Which nuclear power plants should stay on the grid longer?
NThere are still three nuclear power plants in operation in Germany. The nuclear power plants Isar 2 in Bavaria and Neckarwestheim in Baden-Württemberg are expected to be kept connected to the power grid as an operational reserve until spring 2023. The third reactor in Emsland, which is still active, is not intended to be part of this emergency reserve and is to be shut down as planned on December 31st.
What does reserve mode mean?
The two power plants will be shut down as planned at the end of this year. However, they are not yet being taken off the power grid, but are kept ready as reserve power plants. Although they do not produce any electricity, they can be restarted at any time. In concrete terms, this means that reactors will continue to be cooled, safety checks will take place and the employees will continue to be on duty. Should an emergency occur, the power plants can continue to produce electricity until April 15, 2023.
How does the reboot work?
You can’t just turn it on and off. Restarting a nuclear power plant that has been shut down takes between two days and a week. For the Isar 2 nuclear power plant, this means, according to the operator PreussenElektra, that after appropriate preparation, the plant will promptly go into a brief shutdown in order to carry out an inspection of the pressurizer pilot valves. After restarting, the nuclear power plant can continue to run with the existing reactor core until March 2023.
According to EnBW, the operator of the Neckarwestheim nuclear power plant, the reactor core of the plant will be reassembled with already existing, partially used fuel elements. According to Federal Environment Minister Steffi Lemke (Greens), new fuel rods should not be purchased for reserve operation.
The reactor in Neckarwestheim could produce up to 1.7 billion kilowatt hours of electricity after restarting. This roughly corresponds to the electricity consumption of private households in a German city with one million inhabitants in one year.
When will it be decided whether the nuclear power plants will be needed in 2023?
The decision should be made by early December at the latest.
What does that mean for the operators?
Of course, the continued operation of the power plants costs money. Should the power plants actually be used again to produce electricity, the costs would be offset by the sale of electricity. The EnBW company has committed itself to investing any profits in energy transition measures. If the reserve is not required or if the costs incurred cannot be covered by the revenue from the operation, the state compensates for losses.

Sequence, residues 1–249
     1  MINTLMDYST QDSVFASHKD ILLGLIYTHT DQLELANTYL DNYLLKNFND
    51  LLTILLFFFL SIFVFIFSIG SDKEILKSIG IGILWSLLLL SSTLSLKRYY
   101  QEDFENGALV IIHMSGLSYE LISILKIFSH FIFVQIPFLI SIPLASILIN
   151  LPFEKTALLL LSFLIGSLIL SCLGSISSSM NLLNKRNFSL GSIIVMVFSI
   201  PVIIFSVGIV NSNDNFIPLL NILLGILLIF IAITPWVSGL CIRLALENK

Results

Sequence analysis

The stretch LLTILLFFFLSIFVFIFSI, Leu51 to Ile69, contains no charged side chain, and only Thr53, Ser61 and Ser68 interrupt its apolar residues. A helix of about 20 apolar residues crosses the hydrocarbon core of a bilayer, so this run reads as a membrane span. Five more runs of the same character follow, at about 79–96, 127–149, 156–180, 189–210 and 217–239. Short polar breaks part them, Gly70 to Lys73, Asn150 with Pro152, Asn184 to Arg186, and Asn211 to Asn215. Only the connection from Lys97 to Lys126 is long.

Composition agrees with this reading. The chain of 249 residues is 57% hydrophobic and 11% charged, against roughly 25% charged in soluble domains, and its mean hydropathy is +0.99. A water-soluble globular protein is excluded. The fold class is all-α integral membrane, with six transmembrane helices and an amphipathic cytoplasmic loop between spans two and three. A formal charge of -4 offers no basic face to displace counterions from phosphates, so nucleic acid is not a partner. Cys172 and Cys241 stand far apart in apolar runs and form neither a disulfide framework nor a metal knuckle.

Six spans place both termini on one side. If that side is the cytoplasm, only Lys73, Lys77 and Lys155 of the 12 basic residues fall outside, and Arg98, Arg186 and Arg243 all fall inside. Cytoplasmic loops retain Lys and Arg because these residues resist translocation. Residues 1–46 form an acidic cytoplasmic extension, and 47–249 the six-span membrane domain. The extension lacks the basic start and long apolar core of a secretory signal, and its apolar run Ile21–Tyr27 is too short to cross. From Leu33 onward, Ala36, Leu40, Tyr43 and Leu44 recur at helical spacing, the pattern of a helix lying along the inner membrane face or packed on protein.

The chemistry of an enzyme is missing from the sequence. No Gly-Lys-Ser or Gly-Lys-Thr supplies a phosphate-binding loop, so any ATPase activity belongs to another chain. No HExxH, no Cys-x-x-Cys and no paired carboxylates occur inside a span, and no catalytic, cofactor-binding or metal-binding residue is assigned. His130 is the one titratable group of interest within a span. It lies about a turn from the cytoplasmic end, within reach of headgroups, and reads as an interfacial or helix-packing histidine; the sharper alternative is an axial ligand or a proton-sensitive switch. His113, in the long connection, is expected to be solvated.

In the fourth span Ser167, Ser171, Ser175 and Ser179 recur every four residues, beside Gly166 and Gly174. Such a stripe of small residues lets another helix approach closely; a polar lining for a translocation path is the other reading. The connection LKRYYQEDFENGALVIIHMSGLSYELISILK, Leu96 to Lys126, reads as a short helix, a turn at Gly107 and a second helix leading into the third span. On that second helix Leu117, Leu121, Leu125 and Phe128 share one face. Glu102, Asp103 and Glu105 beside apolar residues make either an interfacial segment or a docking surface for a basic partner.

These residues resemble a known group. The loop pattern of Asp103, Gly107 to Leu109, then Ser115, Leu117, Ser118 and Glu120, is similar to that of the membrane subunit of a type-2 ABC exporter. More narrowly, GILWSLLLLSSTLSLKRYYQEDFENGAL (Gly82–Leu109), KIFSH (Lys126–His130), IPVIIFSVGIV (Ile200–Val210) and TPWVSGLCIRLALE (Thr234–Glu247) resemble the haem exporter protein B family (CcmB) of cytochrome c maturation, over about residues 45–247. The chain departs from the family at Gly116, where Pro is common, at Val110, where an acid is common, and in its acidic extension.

Why is reserve operation even being discussed?
Habeck justified his decision with the tense situation on the French electricity market. More than half of the nuclear power plants there are not connected to the grid, so there is a lack of electricity, which Germany compensates for in part with electricity from gas-fired power plants. After the end of routine maintenance work, many nuclear power plants will probably go online.
What are the reactions to Habeck’s suggestion?
The Greens support Habeck’s plans, but emphasize that it is not a matter of extending the term. The reserve operation does not mean a departure from the nuclear phase-out.
The FDP’s plans don’t go far enough. In view of an impending energy crisis in winter, she, like the opposition CDU/CSU parliamentary group, is demanding an extension of the runtimes of all three nuclear power plants. FDP faction leader Christian Dürr called Habeck’s decision a “right step”. On Twitter, however, he emphasized: “Now we also need a real runtime extension, because every kilowatt hour counts.” Emsland also had to remain connected to the grid, and new fuel rods had to be ordered for it.
Criticism comes from environmentalists. “It is and remains nonsense in terms of energy policy to undermine the statutory nuclear phase-out on December 31, 2022,” said nuclear expert Heinz Smital from Greenpeace. “The lack of electricity in France due to the shutdown of numerous nuclear power plants shows how unreliable nuclear energy is. There is also the risk of catastrophic nuclear accidents.”
Olaf Bandt, Chairman of the Bund für Umwelt und Naturschutz Deutschland (BUND), made a similar statement: “The stress test showed that the continued operation of German nuclear power plants will not qualitatively improve energy security either in Germany or in France.” Nuclear power plants mean “a permanent security risk”. .